Professional video gaming – also known as eSports – is one of the fastest-growing sports on the planet. Revenues have exploded over the last few years, and now tournaments are selling out massive basketball arenas and generating massive television audiences on major platforms, such as ESPN. Games like League of Legends, Dota 2, Counter-Strike, Overwatch, Super Smash Bros. Melee and StarCraft II are just a few of the games that have broken into the eSports world. Games like Madden NFL and FIFA (soccer) are also incredibly popular among the eSports community.
Other games are always looking to break into the professional ranks, and one that seems to be gaining some serious momentum is Stunlock Studios’ Battlerite. Stunlock is the same studio that brought Bloodline Champions to the mainstream, and Battlerite is considered to be Bloodline’s spiritual successor.
Battlerite is similar to Bloodline, League of Legends and Super Smash Bros. in that it’s a team arena brawler that takes place in either 2v2 or 3v3 formats. Solo queues and team queues are also available. Players may choose either melee, ranged or support characters with which to do battle. Matches are short and stripped of uncontrollable elements in order to ensure that no external factors play a part in determining the outcome of said matches.
On Tuesday, June 27, Battlerite will receive its biggest update since its initial launch. The Summer Mega Patch will include a new character named Blossom “The Forest Mender.” Blossom is accompanied by her companion bird, Maxwell. The update includes 11 new legendary outfits, 10 character graphical updates, a new quest system, a weekend game mode, a new campaign mode and an updated and improved stadium experience. General gameplay tweaks are also expected in the update.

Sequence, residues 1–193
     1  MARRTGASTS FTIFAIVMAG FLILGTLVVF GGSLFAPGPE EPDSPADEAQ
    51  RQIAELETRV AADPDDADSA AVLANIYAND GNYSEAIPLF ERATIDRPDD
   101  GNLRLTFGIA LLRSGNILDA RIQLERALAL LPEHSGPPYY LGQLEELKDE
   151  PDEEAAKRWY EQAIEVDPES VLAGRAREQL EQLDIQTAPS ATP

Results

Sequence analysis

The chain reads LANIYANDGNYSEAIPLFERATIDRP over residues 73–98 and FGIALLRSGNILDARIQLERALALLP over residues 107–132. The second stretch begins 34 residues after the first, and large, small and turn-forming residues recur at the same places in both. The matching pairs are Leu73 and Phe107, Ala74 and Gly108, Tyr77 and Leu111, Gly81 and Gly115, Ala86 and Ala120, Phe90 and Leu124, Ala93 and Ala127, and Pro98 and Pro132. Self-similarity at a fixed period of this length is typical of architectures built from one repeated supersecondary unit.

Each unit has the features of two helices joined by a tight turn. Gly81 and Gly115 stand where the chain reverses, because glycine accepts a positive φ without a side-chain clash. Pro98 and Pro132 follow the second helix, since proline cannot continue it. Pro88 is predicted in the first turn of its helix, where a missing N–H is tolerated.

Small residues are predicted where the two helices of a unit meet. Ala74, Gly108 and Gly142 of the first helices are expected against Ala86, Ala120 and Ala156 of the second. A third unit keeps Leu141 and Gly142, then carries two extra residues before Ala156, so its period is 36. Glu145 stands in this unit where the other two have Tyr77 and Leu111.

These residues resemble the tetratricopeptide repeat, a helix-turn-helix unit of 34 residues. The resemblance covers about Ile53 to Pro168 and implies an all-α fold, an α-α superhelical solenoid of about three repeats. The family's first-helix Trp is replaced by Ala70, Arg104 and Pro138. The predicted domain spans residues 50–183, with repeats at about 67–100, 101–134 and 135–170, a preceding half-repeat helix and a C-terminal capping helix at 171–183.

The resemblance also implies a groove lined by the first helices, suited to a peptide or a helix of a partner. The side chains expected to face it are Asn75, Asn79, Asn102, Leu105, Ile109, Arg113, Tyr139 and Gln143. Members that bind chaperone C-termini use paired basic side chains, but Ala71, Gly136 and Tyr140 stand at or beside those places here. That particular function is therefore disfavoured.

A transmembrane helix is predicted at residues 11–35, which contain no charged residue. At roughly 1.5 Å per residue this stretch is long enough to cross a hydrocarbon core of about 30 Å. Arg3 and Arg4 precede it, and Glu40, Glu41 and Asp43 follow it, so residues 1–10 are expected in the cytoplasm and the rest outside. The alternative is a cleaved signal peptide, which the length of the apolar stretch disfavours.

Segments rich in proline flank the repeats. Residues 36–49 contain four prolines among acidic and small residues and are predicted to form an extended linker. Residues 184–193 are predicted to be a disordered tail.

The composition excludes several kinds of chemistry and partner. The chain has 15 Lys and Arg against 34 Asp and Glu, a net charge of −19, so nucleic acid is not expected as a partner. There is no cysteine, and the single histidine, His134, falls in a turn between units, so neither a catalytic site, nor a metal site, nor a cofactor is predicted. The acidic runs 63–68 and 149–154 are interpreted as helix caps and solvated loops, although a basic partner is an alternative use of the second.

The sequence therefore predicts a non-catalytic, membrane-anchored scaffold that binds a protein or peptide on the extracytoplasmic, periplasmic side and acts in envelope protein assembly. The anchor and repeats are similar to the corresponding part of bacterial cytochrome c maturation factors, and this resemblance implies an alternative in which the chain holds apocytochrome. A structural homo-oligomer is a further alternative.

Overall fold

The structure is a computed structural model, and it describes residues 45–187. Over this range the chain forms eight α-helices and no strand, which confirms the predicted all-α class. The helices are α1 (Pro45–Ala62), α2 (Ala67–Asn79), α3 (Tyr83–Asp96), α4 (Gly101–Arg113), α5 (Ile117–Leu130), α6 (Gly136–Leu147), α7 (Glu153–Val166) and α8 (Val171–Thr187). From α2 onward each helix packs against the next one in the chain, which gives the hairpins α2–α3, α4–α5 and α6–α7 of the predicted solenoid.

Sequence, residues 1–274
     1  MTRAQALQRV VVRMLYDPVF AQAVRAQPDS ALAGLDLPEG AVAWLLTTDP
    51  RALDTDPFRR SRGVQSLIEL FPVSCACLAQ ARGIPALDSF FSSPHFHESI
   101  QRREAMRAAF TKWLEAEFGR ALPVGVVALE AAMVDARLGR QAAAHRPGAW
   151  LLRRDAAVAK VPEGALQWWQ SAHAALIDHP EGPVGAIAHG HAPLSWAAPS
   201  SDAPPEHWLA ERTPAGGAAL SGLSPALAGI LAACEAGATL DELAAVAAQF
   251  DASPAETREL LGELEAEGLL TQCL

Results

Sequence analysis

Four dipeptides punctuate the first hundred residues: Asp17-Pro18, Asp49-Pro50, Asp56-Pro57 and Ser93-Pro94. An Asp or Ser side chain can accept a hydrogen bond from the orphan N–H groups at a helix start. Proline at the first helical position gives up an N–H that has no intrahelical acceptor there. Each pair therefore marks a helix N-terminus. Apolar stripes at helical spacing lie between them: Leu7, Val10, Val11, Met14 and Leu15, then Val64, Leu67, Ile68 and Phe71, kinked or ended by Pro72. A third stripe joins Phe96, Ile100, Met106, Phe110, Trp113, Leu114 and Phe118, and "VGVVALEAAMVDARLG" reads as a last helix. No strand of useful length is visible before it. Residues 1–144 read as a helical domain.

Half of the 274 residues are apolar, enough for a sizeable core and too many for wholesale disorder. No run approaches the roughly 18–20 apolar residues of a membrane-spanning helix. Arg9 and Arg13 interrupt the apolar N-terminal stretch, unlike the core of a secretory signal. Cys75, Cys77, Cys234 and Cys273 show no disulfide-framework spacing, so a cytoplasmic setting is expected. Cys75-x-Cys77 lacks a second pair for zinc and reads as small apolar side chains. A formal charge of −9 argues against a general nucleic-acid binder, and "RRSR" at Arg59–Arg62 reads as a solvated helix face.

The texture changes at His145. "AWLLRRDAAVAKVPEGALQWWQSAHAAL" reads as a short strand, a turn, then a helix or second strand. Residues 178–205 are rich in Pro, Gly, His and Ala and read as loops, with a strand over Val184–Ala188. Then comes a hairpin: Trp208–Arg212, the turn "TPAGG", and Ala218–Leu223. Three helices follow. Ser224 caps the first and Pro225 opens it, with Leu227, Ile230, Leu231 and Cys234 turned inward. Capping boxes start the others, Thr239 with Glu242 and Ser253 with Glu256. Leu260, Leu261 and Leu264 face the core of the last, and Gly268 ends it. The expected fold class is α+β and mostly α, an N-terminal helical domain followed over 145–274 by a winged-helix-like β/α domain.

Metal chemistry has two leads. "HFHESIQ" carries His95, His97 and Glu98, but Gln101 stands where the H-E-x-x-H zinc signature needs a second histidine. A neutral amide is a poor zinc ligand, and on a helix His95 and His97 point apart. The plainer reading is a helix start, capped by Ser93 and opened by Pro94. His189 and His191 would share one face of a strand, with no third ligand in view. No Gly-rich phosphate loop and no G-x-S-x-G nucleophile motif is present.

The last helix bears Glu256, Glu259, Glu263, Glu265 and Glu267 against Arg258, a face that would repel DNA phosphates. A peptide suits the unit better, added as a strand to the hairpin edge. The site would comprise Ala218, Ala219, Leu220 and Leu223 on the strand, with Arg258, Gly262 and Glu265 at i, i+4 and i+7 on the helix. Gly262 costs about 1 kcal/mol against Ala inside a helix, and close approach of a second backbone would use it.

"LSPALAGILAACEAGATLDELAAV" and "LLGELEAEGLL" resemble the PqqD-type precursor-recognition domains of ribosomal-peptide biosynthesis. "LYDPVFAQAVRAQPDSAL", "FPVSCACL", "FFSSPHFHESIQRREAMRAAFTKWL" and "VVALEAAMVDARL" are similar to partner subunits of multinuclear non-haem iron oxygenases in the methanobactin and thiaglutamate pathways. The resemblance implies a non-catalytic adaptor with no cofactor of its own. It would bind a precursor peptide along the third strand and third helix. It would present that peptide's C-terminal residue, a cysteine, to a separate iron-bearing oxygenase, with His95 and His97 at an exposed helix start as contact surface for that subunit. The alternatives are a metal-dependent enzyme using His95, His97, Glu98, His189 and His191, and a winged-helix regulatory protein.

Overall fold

At E3 last weekend, Microsoft that Battlerite will be coming to Xbox One and the Windows 10 Store next year. The game has sold more than 600,000 copies on Steam Early Access for PC. Clearly, interest in Battlerite is growing exponentially.
So, as you may imagine, we’re already hearing some chatter regarding Battlerite’s potential as an eSports title. There is no telling whether this may happen or when, but there’s plenty of reason to believe it has what players want out of their competitive games. PvP games of this sort have a lengthy history of being successful eSports titles, and there are plenty of avenues to explore with Battlerite from a competitive perspective.
It’s still relatively young, but the most important factor in determining which games have what it takes to get onto the eSports stage is the size of the player base. Obviously, nobody wants to watch people play a game they’ve never heard of. Battlerite still has a ways to go before it’s on the level of something like LoL, but it continues to gain steam and head in the right direction.
Battlerite launched on Steam in late 2016 and immediately surged to the top of the charts. Bloodline was a fairly popular title, but it never saw the kind of viewership that Battlerite was able to generate in an incredibly short span of time. Pre-release marketing for Battlerite was far from extensive, yet it has been able to generate a substantial following regardless.